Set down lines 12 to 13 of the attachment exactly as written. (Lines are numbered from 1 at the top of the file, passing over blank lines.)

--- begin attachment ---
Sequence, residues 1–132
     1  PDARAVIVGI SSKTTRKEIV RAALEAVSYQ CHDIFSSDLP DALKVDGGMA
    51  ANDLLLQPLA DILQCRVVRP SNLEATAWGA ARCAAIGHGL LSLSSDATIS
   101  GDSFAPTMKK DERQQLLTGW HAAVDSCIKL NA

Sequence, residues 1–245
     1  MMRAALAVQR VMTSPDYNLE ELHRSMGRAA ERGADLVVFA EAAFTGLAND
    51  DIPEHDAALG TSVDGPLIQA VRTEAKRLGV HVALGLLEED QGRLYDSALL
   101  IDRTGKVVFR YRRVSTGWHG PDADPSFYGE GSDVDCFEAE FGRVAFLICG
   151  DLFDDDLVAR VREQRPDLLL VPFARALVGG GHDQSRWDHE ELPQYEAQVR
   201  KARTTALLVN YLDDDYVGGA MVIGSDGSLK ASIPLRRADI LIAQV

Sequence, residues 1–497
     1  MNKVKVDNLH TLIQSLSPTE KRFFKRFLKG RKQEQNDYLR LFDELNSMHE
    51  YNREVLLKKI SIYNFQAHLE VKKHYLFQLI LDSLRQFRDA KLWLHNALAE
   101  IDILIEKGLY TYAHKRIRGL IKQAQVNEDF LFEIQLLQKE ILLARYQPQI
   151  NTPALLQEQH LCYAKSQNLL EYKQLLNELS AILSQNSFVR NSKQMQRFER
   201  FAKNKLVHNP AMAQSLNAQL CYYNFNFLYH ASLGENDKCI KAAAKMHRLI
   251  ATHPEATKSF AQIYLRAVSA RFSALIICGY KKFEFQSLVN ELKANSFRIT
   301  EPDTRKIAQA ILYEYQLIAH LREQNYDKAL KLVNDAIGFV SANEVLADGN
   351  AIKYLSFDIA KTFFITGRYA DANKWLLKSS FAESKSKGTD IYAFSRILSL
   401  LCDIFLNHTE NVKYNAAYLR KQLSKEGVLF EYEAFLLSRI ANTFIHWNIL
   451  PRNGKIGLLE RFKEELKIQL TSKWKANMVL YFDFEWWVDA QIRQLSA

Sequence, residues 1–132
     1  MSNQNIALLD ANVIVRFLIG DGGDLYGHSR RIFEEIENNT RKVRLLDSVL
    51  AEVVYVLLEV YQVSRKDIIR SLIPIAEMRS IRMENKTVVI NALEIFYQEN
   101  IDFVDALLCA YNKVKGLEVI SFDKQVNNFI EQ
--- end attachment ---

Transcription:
     1  MNKVKVDNLH TLIQSLSPTE KRFFKRFLKG RKQEQNDYLR LFDELNSMHE
    51  YNREVLLKKI SIYNFQAHLE VKKHYLFQLI LDSLRQFRDA KLWLHNALAE